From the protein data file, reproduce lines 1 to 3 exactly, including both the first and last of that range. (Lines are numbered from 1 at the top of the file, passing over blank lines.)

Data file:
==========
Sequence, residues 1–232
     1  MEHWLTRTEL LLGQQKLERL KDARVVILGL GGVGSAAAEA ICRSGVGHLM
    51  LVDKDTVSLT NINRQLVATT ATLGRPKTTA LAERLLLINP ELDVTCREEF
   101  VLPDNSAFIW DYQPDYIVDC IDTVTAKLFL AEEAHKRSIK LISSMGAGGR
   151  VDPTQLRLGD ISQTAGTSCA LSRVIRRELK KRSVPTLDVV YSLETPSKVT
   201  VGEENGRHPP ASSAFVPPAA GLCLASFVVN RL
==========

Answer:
Sequence, residues 1–232
     1  MEHWLTRTEL LLGQQKLERL KDARVVILGL GGVGSAAAEA ICRSGVGHLM
    51  LVDKDTVSLT NINRQLVATT ATLGRPKTTA LAERLLLINP ELDVTCREEF